Cranberry juice offers little protection against urinary tract infections (UTIs) and cystitis, says a new study published in The Cochrane Library.
Cranberries and cranberry juice have been widely used for several decades as a way to prevent UTIs including bladder infections and cystitis. A recent study published in the Journal of Urology even concluded that children who drank cranberry juice high in proanthocyanidins (PACs) have two-thirds fewer urinary tract infections.
One theory behind the use of cranberry juice in preventing UTIs, which was presented at a 2010 meeting of the American Chemical Society, is that certain sugars and flavanol compounds found in cranberries prohibit bacteria from sticking to cells that line the urinary tract.
However, a new review led by Dr. Ruth Jepson of the University of Stirling concluded that “cranberry juice is significantly less beneficial than previous research has stated.”
For the review, the researchers looked at data from 24 studies that included a total of 4,473 participants. The test groups were given cranberry juice, cranberry capsules, or cranberry tablets. The participants in the control groups were given placebo cranberry products, methenamine hippurate, antibiotics, lactobacillus, water, or nothing.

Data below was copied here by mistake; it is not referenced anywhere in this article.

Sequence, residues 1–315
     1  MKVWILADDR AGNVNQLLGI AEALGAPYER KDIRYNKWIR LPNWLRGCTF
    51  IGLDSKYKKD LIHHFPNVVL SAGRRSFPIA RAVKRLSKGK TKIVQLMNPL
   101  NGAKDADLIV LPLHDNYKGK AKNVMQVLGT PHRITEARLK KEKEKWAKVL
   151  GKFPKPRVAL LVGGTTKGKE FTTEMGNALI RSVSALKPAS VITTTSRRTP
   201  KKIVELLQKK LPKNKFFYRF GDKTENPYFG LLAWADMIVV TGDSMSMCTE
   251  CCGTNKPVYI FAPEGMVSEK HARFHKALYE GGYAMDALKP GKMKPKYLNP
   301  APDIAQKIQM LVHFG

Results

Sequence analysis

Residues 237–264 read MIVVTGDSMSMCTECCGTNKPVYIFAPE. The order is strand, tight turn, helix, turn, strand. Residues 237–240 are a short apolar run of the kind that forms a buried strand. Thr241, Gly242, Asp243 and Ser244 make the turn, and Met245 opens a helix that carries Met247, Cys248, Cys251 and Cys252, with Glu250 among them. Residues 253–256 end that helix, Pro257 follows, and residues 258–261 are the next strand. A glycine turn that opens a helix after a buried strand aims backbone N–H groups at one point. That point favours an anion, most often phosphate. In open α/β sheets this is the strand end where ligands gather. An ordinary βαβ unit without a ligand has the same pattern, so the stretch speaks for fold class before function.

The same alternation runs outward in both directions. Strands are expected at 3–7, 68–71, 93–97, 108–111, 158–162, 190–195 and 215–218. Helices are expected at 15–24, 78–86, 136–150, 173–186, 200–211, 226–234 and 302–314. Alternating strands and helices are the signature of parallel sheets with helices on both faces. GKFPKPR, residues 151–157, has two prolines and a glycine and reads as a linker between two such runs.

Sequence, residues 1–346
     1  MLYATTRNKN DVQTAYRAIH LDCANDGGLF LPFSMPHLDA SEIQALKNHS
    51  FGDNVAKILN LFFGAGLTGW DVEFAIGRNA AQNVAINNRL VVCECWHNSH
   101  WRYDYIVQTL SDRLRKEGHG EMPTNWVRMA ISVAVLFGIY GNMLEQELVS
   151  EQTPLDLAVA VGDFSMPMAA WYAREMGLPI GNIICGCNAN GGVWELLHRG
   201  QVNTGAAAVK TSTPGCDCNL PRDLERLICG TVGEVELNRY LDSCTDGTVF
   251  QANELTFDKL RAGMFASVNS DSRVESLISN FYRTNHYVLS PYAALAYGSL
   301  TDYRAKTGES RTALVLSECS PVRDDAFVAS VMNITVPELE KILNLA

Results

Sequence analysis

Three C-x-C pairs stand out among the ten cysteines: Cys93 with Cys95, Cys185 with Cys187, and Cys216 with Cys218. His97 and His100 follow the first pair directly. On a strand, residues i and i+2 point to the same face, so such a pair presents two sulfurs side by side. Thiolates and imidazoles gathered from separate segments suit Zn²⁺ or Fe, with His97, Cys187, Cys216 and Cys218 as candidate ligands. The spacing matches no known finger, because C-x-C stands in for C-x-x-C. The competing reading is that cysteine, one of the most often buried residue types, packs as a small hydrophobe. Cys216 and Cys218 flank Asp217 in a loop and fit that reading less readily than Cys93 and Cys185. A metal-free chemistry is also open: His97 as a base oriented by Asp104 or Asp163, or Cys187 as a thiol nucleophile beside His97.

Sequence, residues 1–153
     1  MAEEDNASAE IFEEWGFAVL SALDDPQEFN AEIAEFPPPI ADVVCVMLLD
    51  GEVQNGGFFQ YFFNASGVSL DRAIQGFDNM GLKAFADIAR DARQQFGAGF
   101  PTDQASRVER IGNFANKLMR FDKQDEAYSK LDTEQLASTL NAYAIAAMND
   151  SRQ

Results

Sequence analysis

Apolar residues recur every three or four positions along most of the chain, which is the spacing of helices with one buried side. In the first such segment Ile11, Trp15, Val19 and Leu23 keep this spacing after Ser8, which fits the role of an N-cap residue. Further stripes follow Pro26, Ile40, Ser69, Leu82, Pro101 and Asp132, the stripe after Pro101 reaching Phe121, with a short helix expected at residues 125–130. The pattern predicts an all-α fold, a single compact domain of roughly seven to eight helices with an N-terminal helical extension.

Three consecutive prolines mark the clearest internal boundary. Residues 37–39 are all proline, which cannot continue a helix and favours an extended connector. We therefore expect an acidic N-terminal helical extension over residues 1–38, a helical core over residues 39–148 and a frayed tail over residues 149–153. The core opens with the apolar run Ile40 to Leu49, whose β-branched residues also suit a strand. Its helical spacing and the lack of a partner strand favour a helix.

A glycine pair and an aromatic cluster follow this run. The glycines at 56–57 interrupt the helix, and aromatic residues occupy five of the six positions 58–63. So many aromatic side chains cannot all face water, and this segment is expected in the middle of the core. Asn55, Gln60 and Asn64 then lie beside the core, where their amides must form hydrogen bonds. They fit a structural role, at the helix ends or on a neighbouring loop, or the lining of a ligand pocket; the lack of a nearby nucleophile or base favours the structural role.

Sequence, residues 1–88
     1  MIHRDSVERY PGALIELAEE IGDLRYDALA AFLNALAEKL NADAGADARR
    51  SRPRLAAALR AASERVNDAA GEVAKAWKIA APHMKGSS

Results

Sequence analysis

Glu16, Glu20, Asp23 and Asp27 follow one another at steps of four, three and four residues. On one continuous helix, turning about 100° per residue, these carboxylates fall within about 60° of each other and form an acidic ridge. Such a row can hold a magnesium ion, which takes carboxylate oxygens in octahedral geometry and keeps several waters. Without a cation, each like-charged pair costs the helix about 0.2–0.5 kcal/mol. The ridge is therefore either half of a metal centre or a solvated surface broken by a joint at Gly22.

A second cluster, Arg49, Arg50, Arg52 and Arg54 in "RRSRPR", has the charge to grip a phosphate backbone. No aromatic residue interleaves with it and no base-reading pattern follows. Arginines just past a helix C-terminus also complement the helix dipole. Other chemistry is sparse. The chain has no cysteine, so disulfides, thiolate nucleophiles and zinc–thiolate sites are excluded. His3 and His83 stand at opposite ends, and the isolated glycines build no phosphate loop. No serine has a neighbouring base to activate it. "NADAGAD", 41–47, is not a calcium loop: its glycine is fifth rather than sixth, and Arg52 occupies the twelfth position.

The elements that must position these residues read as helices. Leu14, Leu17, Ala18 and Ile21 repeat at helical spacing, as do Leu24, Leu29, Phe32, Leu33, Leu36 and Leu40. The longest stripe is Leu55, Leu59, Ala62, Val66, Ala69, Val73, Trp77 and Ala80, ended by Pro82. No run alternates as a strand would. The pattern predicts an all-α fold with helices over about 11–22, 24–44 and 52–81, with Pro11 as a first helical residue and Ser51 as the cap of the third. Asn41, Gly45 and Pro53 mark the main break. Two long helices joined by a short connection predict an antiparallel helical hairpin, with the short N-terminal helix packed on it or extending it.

The review concluded that, although there was a “small trend towards fewer UTIs in people taking cranberry product compared to placebo or no treatment,” the results were not significant. In other words, cranberry juice is not as effective in preventing urinary tract infections as previously thought.
As reported by Medical News Today, Dr. Jepson explains the findings:
“In the studies where participants were given juice, there were large numbers of drop-outs, suggesting it might not be easy to drink over long time periods. A common problem with studies evaluating cranberry tablets or capsules was that they rarely reported the amount of active ingredient, so it was unclear whether levels would have been high enough to have any effect.”
Dr. Jepson also does not recommend additional studies on the benefits of cranberry juice, stating that the results are pretty clear:
“We can’t see a particular need for more studies of the effect of cranberry juice, as the majority of existing studies indicate that the benefit is small at best, and the studies have high drop-out rates.”
Instead, a more effective way to prevent UTIs is to practice good hygiene, to drink plenty of water, and to fully empty the bladder regularly. Dr Helen Stokes-Lampard, a GP in Lichfield with a special interest in women’s health, sums up the findings of the most recent review on cranberry juice:
“Patients shouldn’t have unrealistic expectations about cranberry juice, but the research didn’t show there is any harm in drinking it, so if you feel it helps, there is no reason to stop. Medical evidence is evolving as more research emerges. Next year, there may be another study – and the pendulum may swing the other way.”
Will you continue drinking cranberry juice as a preventative measure against UTIs and cystitis?